Most users know how to toggle the switches on electrical devices, but get confused with the interface ones. They often have trouble discerning whether a switch is indicating a status or command. If the switch is “on,” users could interpret it as the current state, or as the action that occurs when they toggle it.
It’s not always clear to users that toggle switches signify the current state. This confusion happens when there are on/off labels, green/red colors, or checkmarks on them. These cues produce high visual noise that weakens status communication. Without a clear “on” signal, users fail to perceive the switches as indicators of state.
When communicating status, you only need to signify what’s active, not what’s inactive. Using cues to indicate both the active and inactive state makes users interact with switches like commands. Users have a habit of perceiving visual cues like call to actions when there are many of them in a group. Seeing them on every switch makes them think it’s informing them what the control will do instead of what it’s currently doing.
To prevent users from misinterpreting your switches, reduce the visual noise on them and only provide a cue for the “on” state. The “off” state of your switches should have a neutral color, so it doesn’t steal attention. Adding any cues to the “off” state would produce noise that drowns out the signal. Avoid using “on/off” labels because they make the switches look like command buttons. Also, avoid using checkmarks, so users don’t confuse them with checkboxes.
The only cue the “on” state needs is a high-contrast color with the power symbol on the thumb of the switch. Users will recognize the state by not only color but also the distinct shape. The power symbol is the ideal icon for toggle switches because it’s the universal standard to communicate on/off states independent of language. This cue makes your switches accessible to both international and color-blind users.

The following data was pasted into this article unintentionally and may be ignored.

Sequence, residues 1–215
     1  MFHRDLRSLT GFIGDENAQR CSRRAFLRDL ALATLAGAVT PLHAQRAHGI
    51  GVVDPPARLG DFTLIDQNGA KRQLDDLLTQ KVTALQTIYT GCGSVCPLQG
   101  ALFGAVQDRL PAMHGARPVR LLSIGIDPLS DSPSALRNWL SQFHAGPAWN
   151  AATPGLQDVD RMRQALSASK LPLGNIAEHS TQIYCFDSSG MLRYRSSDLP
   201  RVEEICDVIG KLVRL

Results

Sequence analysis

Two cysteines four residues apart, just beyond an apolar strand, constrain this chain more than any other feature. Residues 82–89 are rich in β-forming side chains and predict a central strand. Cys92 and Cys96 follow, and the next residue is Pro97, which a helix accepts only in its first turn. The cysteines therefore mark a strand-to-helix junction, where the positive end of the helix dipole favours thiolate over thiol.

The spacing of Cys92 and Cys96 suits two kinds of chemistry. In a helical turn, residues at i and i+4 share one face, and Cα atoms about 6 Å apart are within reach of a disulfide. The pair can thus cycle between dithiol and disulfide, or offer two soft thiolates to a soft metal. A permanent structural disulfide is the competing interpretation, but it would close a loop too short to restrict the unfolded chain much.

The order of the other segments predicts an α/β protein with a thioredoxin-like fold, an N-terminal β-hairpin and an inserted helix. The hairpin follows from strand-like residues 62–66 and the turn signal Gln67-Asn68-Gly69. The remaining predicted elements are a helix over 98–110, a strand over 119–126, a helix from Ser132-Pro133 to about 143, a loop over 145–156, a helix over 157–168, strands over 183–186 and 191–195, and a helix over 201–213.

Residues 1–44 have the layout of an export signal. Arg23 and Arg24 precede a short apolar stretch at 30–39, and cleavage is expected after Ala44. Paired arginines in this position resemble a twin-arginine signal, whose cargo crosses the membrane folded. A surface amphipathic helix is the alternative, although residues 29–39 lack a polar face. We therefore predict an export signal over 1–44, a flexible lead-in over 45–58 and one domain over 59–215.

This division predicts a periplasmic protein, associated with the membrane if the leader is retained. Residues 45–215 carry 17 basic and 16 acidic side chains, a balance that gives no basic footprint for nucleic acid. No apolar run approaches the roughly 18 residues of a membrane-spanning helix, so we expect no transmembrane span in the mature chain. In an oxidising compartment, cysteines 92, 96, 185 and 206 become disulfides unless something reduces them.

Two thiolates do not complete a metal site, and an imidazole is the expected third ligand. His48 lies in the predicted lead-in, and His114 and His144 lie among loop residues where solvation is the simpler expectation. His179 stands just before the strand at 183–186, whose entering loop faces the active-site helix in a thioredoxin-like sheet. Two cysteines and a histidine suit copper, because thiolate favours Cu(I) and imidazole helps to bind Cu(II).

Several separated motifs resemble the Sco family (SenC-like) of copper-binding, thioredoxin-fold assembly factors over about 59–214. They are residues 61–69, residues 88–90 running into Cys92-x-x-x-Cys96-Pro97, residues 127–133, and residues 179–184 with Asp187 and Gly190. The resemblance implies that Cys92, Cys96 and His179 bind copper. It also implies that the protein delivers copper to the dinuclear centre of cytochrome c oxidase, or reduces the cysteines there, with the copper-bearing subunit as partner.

Another confusing aspect of toggle switches is the inconsistency between its form and interaction. The switch has the appearance of a slider, but most users don’t drag it. They press the switch like a button to activate it. Not only that, but some switches aren’t even draggable. When users do try to drag it, it doesn’t work as expected.
The reason switches mimic toggle switches in the real-world is to help users interact with them without any knowledge of interfaces. But this skeuomorphic style isn’t useful if there isn’t a match between the computer interaction and physical interaction.
One potential solution is to lose the skeuomorphic metaphor and use a toggle button with the power symbol. The prominent icon would make the “on” signal more clear. Pressing it would activate and deactivate it as users would expect. This approach has potential, but it isn’t a familiar convention yet. If designers adopt it, users would see more toggle switches that work the way they appear.
Toggle switches confuse users when you don’t design them properly. Too much visual noise makes it hard to recognize them as indicators of status. By minimizing the noise and providing a cue for the active state, the status signal becomes clear. Users are now able to toggle your switches like they’re toggling electrical ones.